“What’s in a name? That which we call a rose
By any other name would smell as sweet.”
When last month I got the paycheck from Asia Knowledge – the school where I teach Chinese language to Israeli students, a little surprise was waiting for me: the section “Pay to” stated my name as Crystal Tao. Of course, this is the way that I present myself to foreigners but one can easily guess that Crystal is not the name given to me by parents. My Chinese name is Jiaqi (嘉琪).
Without thinking too much I took the pen with ink color similar to the one used on the cheque, surrounded “Crystal” with brackets and added my Chinese name in front of it. I was very pleased with the result since now it looked as some writer’s pen-name. And luckily there were no problems with cashing in the cheque.
It seems that the administration of Asia Knowledge was confused that I always sign my mails as Crystal Tao and thought that it is my real one, or maybe they are following this blog . I always assumed that foreigners communicating with Chinese people know that many of them choose a foreign (mostly, English sounding) name.
To check it, I went through some profiles of Chinese girls in one dating site and counted the proportion of girls having English names. Surprisingly, it was quite high through the broad age group from 20 to 50 years old: almost half of site members had a foreign name appearing in their profiles (somewhere between 40% and 50%). Even for Chinese women older than 50 y.o. the proportion was as high as 20-25%.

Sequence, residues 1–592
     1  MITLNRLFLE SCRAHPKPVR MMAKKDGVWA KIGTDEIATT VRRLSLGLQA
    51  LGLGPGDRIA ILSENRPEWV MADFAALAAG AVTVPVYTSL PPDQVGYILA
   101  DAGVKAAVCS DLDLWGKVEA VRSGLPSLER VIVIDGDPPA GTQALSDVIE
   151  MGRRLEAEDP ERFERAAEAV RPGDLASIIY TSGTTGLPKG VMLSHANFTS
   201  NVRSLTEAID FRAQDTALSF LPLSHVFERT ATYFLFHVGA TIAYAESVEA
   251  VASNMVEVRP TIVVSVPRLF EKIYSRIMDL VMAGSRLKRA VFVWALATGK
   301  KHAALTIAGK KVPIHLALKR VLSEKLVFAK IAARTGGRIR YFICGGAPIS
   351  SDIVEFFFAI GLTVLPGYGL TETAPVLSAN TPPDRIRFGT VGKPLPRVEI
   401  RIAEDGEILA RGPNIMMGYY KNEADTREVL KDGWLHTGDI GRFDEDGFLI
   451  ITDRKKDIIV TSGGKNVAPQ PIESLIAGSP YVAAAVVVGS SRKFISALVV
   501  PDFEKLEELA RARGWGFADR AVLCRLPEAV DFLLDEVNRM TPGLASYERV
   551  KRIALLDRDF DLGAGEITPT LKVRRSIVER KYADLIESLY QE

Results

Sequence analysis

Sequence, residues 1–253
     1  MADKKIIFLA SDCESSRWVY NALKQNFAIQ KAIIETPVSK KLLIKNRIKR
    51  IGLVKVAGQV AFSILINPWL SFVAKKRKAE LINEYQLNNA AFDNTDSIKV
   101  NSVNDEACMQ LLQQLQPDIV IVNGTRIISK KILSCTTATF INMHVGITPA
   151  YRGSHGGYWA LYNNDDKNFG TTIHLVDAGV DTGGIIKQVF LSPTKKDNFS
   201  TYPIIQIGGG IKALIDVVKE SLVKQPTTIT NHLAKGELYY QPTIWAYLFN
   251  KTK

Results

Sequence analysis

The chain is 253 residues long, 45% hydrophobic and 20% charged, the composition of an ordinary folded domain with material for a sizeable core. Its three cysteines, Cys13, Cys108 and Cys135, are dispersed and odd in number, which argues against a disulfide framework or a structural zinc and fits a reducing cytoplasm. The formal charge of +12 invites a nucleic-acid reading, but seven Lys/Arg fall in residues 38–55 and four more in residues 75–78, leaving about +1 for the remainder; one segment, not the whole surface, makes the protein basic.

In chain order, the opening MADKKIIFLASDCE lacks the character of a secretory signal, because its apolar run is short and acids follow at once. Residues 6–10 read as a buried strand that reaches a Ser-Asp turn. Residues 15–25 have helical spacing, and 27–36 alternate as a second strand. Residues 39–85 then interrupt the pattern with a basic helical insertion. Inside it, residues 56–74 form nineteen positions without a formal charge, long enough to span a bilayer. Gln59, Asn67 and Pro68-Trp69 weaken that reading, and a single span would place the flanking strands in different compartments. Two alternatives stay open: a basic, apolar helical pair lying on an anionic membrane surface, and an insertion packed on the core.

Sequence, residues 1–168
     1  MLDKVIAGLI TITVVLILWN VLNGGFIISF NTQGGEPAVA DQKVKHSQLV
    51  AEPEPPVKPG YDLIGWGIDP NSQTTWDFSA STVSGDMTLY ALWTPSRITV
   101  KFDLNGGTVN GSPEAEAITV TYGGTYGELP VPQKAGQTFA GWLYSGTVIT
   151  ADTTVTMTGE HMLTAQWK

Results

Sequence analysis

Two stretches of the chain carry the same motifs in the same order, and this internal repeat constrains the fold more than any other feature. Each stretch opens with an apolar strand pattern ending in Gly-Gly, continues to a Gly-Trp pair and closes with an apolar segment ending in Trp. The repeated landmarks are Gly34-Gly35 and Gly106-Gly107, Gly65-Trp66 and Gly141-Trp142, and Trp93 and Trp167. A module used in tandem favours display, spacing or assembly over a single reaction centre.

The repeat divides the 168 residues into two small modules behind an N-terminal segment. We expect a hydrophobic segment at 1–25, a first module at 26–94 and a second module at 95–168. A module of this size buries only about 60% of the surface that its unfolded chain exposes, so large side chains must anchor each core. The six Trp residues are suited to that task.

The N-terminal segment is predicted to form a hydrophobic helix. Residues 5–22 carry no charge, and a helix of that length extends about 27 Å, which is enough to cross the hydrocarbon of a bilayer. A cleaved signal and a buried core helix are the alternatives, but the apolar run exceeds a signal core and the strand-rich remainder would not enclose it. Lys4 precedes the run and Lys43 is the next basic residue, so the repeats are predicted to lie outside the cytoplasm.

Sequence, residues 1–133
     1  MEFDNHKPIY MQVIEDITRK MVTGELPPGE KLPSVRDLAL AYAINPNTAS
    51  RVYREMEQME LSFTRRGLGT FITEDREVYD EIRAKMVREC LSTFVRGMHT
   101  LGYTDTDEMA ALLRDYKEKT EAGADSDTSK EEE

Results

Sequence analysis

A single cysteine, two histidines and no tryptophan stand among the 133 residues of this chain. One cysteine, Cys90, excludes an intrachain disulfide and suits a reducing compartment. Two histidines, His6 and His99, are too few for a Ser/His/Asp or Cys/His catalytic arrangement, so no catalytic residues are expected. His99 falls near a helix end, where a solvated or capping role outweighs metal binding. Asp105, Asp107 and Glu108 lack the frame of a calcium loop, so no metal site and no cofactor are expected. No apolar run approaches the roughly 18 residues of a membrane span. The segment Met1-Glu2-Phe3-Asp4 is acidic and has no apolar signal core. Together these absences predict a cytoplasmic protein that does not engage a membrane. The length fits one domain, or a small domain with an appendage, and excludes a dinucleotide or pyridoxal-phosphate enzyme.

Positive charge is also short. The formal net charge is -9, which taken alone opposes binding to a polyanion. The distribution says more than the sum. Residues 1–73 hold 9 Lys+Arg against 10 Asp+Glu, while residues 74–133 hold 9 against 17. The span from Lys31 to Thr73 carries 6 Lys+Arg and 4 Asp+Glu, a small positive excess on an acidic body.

The most often used names were Mary, Cherry and Jane. I also noticed that Chinese women like to take the names of some flowers or other presumably beautiful things. The result can be a usual and widespread name – like Rose or Daisy or less conventional but still pleasant to ear Sunflower. However, the most unexpected flower name that I encountered was Geranium… I closed my eyes and tried to imagine to myself how a man would pronounce – “I love you, Geranium!”
Intercultural dating is not the main reason for having an English name. As a matter of fact, some Chinese companies with a large database of foreign customers ask all of their employees to choose an English name. I think, however, that in most cases it is redundant and doesn’t bring any additional value. Let me quote the excerpt from one personal blog I recently stumbled upon:
Our “national” guide, Ming, met us at the Beijing airport when we landed. <…> Thirty-one years old, tall, very slim, cute, Chinese.
“My name is Ming,” she told us once she’d corralled us through the arrival gate, “but you can call me Kate.” Apparently the tour company had given all of their guides “Western” names to make it easier for their charges.
Which struck me as really funny; are there a lot of Americans who can’t pronounce “Ming”?
“I’m sorry, Monp? Mirg? Say it one more time, slower. Okay… Mmmmelg? Fuck this, I’m calling you Kate.”
I am quite curious why people often like the sound of foreign language. Maybe it just feels more romantic or makes it easier to create certain associations which would be harder in their own language? Or take, for example, the opposite trend when Westerners ink Chinese tattoos on their bodies? Do they feel that Chinese characters are more meaningful, mysterious or nice?
Let’s conclude this topic with an entertaining video from the series “Sexy Beijing” produced by witty Anna Sophie Lowenberg (who wisely changed her “unpronounceable” name with simple Su Fei):
Jiaqi (Crystal) Tao